Get assembly files from GAC using PowerShell

A while ago I found myself in an unfortunate situation where I had to use Reflector to figure out what I was doing wrong when interacting with third-party components. Unfortunately, a large part of the third-party code was in assemblies that were installed in the GAC, and I was unable to find them anywhere else.

Here’s a quick PowerShell one-liner that helped me out:

dir C:\Windows\Assembly -Recurse -Filter "VendorName*.dll" | foreach { copy $_.FullName C:\Temp\assemblies }

That was pretty quick and easy to come up with, and it makes me very glad I decided to learn the basics of PowerShell. 🙂

Protocol-relative HTTP URLs

If you’re visiting a web page over an SSL encrypted connection, you might sometimes get an annoying “mixed content” warning. In essence, the browser is telling you that yes, the page itself was delivered over HTTPS, but other bits were not, and that may or may not mean that you’re in danger.

From the developer point of view, having to build every URL so that the protocol is taken into account can be tedious. It might equally well be the case that your framework of choice already handles this. If so, good for you.

However, there’s another escape hatch not known to most people: protocol-relative URLs. You write the url without the protocol and following colon, and the client will choose whichever protocol was used to retrieve the page, like so: //server:port/path/to/resource.html

Not sure how often this is actually necessary, but there you go. 🙂

Power to the people

My esteemed colleague Jouni Heikniemi is a speaker at this year’s TechDays Finland. His topic is “PowerShell for Developers”. We had a chance to hear his presentation beforehand this morning. I’ve been meaning to do so for a few years now, but after the presentation I finally found the motivation to try and write an actual PowerShell script for myself.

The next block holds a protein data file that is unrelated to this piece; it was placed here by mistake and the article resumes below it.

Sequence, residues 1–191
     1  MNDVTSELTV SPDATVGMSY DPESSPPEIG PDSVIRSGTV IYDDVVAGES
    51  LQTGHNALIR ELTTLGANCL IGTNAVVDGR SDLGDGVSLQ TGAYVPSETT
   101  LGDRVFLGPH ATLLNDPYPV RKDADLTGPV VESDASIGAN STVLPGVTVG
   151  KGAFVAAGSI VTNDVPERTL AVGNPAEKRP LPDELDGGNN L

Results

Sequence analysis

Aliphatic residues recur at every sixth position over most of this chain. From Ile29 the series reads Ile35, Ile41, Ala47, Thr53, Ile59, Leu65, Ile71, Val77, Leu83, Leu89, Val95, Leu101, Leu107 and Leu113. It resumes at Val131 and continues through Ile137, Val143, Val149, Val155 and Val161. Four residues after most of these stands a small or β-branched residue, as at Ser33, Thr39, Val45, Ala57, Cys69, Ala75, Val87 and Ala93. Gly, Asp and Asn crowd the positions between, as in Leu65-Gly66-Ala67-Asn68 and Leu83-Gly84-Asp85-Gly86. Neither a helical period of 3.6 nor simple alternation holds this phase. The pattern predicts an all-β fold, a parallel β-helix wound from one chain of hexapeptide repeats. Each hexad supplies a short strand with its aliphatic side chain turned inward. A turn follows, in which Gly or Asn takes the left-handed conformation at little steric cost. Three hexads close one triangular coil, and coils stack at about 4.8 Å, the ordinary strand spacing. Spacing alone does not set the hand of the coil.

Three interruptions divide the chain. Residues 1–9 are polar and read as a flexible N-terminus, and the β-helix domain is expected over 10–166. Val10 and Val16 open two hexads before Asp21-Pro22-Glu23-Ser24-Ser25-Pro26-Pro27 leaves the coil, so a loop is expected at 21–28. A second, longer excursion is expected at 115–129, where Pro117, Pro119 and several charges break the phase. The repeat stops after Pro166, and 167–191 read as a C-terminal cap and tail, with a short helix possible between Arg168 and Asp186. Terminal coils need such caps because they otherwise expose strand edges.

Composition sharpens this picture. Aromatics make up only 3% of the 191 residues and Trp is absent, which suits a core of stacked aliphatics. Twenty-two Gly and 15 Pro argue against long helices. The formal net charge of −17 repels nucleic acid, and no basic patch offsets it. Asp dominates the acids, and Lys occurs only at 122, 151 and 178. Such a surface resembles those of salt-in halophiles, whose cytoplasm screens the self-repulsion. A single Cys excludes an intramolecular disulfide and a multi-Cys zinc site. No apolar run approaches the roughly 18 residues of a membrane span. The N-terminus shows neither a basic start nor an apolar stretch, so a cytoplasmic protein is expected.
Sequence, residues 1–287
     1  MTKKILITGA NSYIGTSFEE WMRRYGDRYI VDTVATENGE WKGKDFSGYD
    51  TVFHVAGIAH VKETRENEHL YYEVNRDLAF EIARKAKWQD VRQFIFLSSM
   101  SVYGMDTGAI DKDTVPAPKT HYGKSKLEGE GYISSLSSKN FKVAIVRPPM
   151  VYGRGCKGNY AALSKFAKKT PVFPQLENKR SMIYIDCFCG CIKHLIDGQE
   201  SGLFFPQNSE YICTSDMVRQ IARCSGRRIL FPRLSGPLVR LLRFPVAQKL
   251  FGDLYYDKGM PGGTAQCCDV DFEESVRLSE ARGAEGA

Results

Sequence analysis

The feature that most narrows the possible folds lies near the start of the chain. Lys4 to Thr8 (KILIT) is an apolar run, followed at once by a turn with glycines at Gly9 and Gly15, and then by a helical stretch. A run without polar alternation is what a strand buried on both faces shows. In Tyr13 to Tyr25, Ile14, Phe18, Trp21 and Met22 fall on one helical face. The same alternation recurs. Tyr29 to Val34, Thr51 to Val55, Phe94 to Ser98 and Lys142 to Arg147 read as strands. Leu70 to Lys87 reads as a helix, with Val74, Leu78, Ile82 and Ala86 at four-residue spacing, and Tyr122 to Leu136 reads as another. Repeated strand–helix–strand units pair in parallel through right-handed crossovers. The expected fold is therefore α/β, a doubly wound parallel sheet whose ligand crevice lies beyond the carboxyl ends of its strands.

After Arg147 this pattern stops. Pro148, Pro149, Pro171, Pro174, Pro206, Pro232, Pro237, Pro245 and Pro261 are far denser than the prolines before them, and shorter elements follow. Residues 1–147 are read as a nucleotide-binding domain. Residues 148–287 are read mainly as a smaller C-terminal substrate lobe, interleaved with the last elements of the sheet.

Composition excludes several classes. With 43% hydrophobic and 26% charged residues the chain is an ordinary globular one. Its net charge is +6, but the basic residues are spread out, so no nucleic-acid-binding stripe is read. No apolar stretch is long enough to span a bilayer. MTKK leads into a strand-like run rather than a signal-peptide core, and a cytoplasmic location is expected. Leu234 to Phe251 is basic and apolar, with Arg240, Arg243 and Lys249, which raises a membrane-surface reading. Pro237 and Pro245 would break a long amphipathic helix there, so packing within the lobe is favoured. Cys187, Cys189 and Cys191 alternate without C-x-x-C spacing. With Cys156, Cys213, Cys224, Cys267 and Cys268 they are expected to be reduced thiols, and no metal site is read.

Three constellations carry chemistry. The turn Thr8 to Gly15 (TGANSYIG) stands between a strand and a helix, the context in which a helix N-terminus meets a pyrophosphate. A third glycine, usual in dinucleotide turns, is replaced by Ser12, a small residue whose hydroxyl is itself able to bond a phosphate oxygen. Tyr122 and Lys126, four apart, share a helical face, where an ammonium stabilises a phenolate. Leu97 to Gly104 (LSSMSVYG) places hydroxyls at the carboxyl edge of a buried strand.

The problem

I wanted a simple script to bundle an ASP.NET web application in a directory – basically, copy all the files that are essential to running the app, and nothing more. Something I’d typically use a NAnt or MSBuild task for.

The solution


So I fired up PowerShell ISE (I assume that’s Integrated Scripting Environment) and after a few attempts, came up with this:

$targetPath = "deploy"
if (Test-Path $targetPath) { Remove-Item $targetPath -Recurse -Force }

New-Item $targetPath -type directory

Copy-Item -Path .\App_Data -Destination $targetPath -Recurse 
Copy-Item -Path .\App_GlobalResources -Destination $targetPath -Recurse -Filter "*.resx"
Copy-Item -Path .\bin -Destination $targetPath -Recurse -Filter "*.dll"
Copy-Item -Path ("*.as?x", "*.js", "*.gif", "*.jpg", "Web.config") -Destination $targetPath

Since it creates a directory that can be deployed as an application, I saved the snippet as Deploy.ps1 (in hindsight, Build.ps1 would have been a better name, but I’m too lazy to take another screenshot).

This bit of script is very specific to my needs, so don’t take it as a textbook example of good PowerShell scripting. 🙂

The snag and the resolution

As it turns out, PowerShell scripts aren’t allowed to run, at all, by default. Fortunately, the default is relatively easy to change. Fire up PowerShell or the ISE with administrative privileges, and type:

Set-ExecutionPolicy RemoteSigned

RemoteSigned means you’re free to run unsigned scripts as long as they’re locally created, but scripts downloaded from other sources need to be signed. In case you’re curious, downloaded scripts are identified based on Alternate Data Streams.

PowerShell will ask you to confirm this. In the case of ISE, by means of a really, really long-ass dialog text:


Once you confirm the change, you can restart PowerShell with limited privileges, and scripts will work.

For more info on PowerShell, visit Jouni’s series of blog posts on the topic.

SharePoint web part lifecycle

For various reasons, I’ve found myself doing Web Part development for SharePoint 2007. While I suspect I’ll be blogging more thoroughly about it later (possibly even via SharePoint Blues, who knows) , I thought I’d contribute my first useful SharePoint link: The lifecycle of SharePoint Web Parts.

My WebForms experience is rather limited, but on the surface, the list looks a lot like a WebForms control’s life cycle. The reason I needed this list specifically is that I wanted to know the point at which I could safely assume that other web parts would be connected and their data would be available.